Abraxas (album)

Abraxas (album)

Album cover from a painting by Mati Klarwein
Studio album by Santana
Released September 1970 (1970-09)
Recorded April 17–May 2, 1970 at Wally Heider Studios, San Francisco, California
Genre Latin rock, chicano rock, jazz-rock, psychedelic rock
Length 37:32
Label CBS
Producer Fred Catero, Carlos Santana
Santana chronology
Santana III
Singles from Abraxas
  1. "Black Magic Woman"
    Released: 1970
  2. "Oye Como Va"
    Released: 1971
  3. "Hope You're Feeling Better"
    Released: 1971

Abraxas is the second studio album by latin rock band Santana. Consolidating the interest generated by their first album, Santana (recorded in May 1969), and their highly acclaimed live performance at the Woodstock Festival in August 1969, the band followed-up with Abraxas in September 1970. The album's mix of rock, blues, jazz, salsa and other influences was very well received, showing a musical maturation from their first album and refining the band's early sound.


  • Name 1
  • Music 2
  • Legacy 3
  • Track listing 4
    • Later re-issues 4.1
  • Versions 5
  • Personnel 6
    • Additional personnel 6.1
  • Chart tables 7
    • Album 7.1
    • Singles 7.2
  • Certifications 8
  • In popular culture 9
  • References 10


The title of the album, which features Mati Klarwein's 1961 painting, Annunciation, on the cover,[1] comes from a line in Hermann Hesse's book, Demian, quoted on the album's back cover: "We stood before it and began to freeze inside from the exertion. We questioned the painting, berated it, made love to it, prayed to it: We called it mother, called it whore and slut, called it our beloved, called it Abraxas...." The word "Abraxas" has use within Gnostic cosmology.[2]

Professional ratings
Review scores
Source Rating
AllMusic [3]
Robert Christgau C+[4]
Rolling Stone favorable[5]
The Rolling Stone Album Guide [6]


Abraxas features a mixture of Latin influences with familiar rock themes such as showcased electric guitar, organ, and heavy drums. The album also demonstrates Santana's stylistic versatility, including tracks such as "Samba Pa Ti" (a classic slow-burning piece)[7] and "Incident at Neshabur", both being instrumentals. The latter has several rhythm and time signature changes consistent with its jazz feel. Latin percussion — congas, bongos and timbales, as well as a conventional rock drum setup, expanded Santana's foray into Latin rhythm. The piece 'Samba Pa Ti' was originally recorded in the key of G, and is in fact two separate unfinished pieces which were combined to a single piece comprising a slow emotive first part followed by an extended play out in a faster tempo; This piece along with 'Black Magic Woman' attributed originally to Peter Green, helped underpin the truly unique blend of Latin American / Blues / Rock style created by the artist.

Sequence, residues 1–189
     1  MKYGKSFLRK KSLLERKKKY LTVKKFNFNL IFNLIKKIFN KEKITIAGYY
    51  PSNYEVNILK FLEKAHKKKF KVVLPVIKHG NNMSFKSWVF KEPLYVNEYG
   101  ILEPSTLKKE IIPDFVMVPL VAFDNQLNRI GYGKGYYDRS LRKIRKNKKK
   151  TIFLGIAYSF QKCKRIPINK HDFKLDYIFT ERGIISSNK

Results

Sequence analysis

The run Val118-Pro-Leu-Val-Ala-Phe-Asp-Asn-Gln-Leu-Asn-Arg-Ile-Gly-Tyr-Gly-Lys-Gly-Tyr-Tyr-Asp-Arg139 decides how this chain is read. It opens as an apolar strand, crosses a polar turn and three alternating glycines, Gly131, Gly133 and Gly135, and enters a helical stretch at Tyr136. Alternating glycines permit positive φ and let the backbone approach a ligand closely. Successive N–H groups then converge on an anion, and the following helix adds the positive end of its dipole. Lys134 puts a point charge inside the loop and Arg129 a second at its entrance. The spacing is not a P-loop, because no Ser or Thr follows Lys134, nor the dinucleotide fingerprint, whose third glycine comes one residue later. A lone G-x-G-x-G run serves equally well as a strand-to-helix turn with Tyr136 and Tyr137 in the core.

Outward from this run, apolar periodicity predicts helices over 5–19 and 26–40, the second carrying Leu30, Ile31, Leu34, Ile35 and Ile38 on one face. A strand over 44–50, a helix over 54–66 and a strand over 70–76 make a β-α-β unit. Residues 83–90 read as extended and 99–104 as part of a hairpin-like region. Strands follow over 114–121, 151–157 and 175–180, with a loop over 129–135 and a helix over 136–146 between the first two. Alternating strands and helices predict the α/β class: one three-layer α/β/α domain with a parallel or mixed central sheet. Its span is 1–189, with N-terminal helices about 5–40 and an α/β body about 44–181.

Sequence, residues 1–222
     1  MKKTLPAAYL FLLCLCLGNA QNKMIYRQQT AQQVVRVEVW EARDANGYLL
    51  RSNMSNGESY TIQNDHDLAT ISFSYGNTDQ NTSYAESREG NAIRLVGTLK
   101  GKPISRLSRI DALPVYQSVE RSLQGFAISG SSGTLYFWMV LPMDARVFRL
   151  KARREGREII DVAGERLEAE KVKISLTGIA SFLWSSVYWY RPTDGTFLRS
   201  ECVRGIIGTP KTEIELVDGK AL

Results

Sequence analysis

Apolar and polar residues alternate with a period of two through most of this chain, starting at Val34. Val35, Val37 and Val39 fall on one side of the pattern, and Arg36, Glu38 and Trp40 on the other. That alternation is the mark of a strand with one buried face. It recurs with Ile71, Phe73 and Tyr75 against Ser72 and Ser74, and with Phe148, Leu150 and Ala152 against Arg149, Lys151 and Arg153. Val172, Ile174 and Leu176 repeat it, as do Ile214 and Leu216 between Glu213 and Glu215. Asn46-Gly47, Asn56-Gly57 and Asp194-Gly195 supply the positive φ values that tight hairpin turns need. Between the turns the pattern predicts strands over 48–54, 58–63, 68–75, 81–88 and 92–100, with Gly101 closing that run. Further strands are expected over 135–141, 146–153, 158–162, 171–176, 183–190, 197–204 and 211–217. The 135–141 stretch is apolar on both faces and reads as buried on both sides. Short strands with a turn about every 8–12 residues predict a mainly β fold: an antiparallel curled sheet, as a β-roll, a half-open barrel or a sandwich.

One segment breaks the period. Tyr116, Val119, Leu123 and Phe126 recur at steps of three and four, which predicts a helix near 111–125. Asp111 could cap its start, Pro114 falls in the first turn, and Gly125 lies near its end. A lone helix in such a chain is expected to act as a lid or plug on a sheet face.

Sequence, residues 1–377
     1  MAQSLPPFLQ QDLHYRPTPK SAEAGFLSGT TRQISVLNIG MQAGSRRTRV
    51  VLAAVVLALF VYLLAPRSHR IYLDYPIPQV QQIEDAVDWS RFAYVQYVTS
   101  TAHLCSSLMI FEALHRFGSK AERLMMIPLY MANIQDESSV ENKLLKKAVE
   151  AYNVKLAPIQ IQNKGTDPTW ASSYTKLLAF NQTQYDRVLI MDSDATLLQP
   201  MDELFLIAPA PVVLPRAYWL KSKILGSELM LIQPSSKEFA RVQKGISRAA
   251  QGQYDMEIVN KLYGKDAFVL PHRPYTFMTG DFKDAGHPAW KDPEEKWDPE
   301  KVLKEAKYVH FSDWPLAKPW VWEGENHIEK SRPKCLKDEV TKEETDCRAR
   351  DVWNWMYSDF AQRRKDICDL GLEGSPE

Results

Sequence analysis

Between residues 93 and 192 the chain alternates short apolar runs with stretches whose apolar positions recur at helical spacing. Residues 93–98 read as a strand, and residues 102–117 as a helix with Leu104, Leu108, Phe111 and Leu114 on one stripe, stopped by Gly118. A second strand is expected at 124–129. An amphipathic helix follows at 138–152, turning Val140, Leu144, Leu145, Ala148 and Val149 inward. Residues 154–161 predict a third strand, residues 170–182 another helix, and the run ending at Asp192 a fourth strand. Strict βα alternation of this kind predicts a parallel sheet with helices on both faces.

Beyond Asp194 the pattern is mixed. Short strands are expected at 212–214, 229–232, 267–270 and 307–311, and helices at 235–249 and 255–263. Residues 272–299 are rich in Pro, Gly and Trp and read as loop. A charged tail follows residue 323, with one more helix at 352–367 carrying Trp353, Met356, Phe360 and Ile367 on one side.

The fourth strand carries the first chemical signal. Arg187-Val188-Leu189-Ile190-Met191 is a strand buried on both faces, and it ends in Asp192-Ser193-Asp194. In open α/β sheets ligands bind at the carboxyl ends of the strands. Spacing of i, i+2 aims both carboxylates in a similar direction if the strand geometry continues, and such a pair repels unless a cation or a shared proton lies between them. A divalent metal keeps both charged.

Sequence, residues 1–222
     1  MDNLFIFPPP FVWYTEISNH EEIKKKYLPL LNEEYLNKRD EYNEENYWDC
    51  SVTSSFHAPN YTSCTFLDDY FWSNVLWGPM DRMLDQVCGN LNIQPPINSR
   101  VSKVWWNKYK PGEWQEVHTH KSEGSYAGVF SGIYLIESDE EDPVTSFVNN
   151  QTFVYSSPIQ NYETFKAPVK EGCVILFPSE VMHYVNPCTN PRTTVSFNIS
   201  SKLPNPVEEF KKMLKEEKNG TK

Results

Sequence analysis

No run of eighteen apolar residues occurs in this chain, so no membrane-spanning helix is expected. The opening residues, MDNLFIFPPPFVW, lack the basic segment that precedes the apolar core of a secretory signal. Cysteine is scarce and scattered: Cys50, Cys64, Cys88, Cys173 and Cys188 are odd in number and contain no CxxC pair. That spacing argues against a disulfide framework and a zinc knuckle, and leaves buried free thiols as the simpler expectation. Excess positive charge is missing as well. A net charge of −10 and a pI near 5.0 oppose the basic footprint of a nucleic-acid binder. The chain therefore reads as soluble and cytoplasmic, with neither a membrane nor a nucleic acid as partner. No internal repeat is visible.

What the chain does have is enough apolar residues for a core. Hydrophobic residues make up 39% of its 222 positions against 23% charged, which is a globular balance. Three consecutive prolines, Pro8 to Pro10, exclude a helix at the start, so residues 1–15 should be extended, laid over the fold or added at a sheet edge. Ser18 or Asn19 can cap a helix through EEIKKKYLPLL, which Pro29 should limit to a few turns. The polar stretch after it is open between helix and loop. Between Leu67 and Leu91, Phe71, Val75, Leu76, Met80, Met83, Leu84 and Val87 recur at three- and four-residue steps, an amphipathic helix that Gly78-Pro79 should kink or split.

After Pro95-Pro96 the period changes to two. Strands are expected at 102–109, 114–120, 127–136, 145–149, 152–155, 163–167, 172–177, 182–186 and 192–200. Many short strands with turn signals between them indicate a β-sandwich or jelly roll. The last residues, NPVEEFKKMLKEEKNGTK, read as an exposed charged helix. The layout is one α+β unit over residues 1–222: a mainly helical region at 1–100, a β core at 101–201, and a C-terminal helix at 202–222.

In 2003 the album was ranked number 207 on Rolling Stone magazine's list of the 500 greatest albums of all time.[8]

The instrumental, "Samba Pa Ti" ("Samba for You"), was covered by José Feliciano, who added lyrics, and also by Angélique Kidjo, who put lyrics in Yoruba on her album Oyo. It is also one of the tracks featured in Nick Hornby's book, 31 Songs. It was used in the UK as the background music for TV ads for Marks & Spencer food in 2006. It also was featured as the ending song in the Cold Case episode, "Dead Heat", which aired November 8, 2009.

Track listing

LP side 1
No. Title Writer(s) Length
1. "Singing Winds, Crying Beasts" (Instrumental) Mike Carabello 4:51
2. "Black Magic Woman/Gypsy Queen"   Peter Green/Gábor Szabó 5:24
3. "Oye Como Va"   Tito Puente 4:17
4. "Incident at Neshabur" (Instrumental) Alberto Gianquinto, Carlos Santana 4:58
LP side 2
No. Title Writer(s) Length
1. "Se a Cabo"   José Areas 2:50
2. "Mother's Daughter"   Gregg Rolie 4:25
3. "Samba Pa Ti" (Instrumental) Santana 4:45
4. "Hope You're Feeling Better"   Rolie 4:10
5. "El Nicoya"   Areas 1:30

Later re-issues

1998 remastered edition
No. Title Writer(s) Length
1. "Singing Winds, Crying Beasts" (Instrumental) Carabello 4:51